6. Size Of Staffing Agency – Due to their greater bargaining position, bigger staffing agencies are less generous about negotiating with contract attorneys over their wage rates and more willing to withhold benefits and posture. Small potato agencies have little choice but to negotiate sometimes. They can’t compete on brand recognition so they have to offer greater incentives to entice contract attorneys – thus they usually pay more. For a project that a large agency like Ajilon may pay the standard $35 an hour for, a smaller agency may be willing to shell out $36-$38 an hour. Go with the smaller agencies if you can, although it is true, the number of projects they have to offer simply isn’t as high as the big boys.
  7. Market Supply and Demand – When the market’s booming, contract attorneys rake it in. Unfortunately the boom has past and we are currently in a bust period as evidenced by all the recent law firm layoffs. The market is pretty bad right now. There are projects out there but most are for shorter durations and offering less hours. Also, expect to wait longer than usual to come across an offer. Without consecutive, multiple, and simultaneous demands for contract attorneys, wage rates will stagnate in the interim. However, when the market eventually picks up again in the near future and law firm business returns, demand pressure should drive wage rates up. That’s my hope. It’s happened in the past before and it should happen again.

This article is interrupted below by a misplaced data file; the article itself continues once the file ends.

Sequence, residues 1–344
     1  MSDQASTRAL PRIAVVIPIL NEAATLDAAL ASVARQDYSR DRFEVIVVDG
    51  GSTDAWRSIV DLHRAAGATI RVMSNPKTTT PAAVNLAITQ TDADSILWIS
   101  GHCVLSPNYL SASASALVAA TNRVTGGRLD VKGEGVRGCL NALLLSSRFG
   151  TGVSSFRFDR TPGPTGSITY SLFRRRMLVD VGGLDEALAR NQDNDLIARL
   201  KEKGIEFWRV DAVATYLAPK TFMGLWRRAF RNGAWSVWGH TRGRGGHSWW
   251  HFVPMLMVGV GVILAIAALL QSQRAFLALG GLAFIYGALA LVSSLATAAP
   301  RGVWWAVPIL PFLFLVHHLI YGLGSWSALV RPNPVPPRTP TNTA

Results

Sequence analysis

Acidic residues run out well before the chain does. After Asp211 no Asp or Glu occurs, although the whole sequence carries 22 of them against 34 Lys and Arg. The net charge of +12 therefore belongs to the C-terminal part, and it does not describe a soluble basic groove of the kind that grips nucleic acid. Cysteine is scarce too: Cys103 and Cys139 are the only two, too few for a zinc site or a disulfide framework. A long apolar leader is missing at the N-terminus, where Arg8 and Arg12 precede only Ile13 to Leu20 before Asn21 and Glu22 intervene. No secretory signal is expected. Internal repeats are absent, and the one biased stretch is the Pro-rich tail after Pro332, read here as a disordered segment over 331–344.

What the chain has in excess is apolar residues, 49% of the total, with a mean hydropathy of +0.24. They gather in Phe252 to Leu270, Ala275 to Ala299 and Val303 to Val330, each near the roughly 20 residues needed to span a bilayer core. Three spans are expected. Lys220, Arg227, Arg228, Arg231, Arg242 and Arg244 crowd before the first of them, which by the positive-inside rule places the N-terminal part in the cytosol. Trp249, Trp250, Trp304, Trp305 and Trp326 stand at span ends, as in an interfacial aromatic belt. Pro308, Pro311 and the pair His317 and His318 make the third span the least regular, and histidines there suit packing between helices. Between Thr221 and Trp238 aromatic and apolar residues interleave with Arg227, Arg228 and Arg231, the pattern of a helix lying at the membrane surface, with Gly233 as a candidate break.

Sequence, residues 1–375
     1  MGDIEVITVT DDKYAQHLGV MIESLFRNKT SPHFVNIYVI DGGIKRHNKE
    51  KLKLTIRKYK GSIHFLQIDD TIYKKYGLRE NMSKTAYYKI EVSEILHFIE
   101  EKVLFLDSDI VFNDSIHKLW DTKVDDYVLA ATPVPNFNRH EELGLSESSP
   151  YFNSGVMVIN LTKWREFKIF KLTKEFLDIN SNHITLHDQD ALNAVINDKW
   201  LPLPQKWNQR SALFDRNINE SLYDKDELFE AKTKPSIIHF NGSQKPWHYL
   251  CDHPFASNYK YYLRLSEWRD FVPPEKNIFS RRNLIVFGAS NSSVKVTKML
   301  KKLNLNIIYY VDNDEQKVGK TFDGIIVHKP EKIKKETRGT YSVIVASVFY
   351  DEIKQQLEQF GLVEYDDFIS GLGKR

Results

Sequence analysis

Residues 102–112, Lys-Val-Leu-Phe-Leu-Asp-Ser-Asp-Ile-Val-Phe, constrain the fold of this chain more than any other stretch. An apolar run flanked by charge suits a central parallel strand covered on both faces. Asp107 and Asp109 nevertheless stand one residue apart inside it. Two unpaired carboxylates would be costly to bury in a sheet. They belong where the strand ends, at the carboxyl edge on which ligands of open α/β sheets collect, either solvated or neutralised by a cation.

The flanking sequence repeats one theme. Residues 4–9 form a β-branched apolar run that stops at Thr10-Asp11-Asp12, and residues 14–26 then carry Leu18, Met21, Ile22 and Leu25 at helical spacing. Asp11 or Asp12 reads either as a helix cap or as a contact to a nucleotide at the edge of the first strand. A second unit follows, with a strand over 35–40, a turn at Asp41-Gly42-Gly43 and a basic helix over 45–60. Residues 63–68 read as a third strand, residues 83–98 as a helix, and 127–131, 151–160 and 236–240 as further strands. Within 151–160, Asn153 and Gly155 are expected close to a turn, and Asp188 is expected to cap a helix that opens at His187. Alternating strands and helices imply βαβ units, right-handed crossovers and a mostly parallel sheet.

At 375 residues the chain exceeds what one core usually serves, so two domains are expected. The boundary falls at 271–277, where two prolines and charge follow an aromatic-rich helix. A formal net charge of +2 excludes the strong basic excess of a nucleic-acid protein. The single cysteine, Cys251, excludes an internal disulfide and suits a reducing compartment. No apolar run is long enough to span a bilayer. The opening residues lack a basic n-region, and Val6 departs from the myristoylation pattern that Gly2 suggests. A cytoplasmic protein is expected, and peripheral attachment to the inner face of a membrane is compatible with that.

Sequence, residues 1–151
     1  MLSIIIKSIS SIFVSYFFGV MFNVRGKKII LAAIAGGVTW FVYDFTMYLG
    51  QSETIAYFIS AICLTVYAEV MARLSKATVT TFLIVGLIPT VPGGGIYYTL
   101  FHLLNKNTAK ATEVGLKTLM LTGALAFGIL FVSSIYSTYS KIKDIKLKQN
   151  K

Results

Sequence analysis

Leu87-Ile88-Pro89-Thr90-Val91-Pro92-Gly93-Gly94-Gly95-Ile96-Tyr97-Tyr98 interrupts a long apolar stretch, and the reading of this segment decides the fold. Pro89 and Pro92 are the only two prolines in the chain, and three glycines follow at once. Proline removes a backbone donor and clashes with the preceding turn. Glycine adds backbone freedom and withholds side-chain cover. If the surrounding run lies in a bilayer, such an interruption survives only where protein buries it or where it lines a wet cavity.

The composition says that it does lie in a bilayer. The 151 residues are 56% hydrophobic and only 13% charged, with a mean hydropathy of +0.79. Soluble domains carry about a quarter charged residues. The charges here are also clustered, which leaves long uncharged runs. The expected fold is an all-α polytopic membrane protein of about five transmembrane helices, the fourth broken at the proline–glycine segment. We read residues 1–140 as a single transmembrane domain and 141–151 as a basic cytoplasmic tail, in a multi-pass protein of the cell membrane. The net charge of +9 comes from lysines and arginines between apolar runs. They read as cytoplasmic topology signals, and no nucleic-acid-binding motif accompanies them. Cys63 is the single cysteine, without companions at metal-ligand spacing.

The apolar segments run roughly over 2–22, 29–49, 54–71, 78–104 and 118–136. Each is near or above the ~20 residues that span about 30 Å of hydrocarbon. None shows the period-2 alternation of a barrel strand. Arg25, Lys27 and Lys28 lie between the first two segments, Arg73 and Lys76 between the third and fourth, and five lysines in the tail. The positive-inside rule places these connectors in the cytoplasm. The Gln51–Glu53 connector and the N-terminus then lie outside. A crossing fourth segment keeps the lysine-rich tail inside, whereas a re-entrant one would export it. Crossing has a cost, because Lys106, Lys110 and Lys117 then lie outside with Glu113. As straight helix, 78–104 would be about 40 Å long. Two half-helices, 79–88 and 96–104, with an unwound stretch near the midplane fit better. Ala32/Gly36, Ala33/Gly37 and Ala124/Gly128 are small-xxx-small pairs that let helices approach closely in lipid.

8. Specific Law Firm Managing the Project – Certain law firms are well known for running generous projects – Skadden, Arps, Slate, Meagher & Flom for one. They seem to have a reputation for providing projects that offer full meals, transportation reimbursement, and extended working opportunities for their contract attorneys. They also have a propensity to offer slightly higher wage rates for team leader type positions. Of course, it’s not always this way for every project they manage, but it’s just an interesting tidbit to keep in mind when you hear about projects.

Foreign Language Document Review Pays A Lot More

Thursday, October 4th, 2007

I’m sure we all took foreign language classes when we were little. I myself took French. If I could go back in time I would have told myself not to take French. It’s not a more elegant language and besides, no one in the United States speaks it. Take Spanish instead – it’s a lot more useful.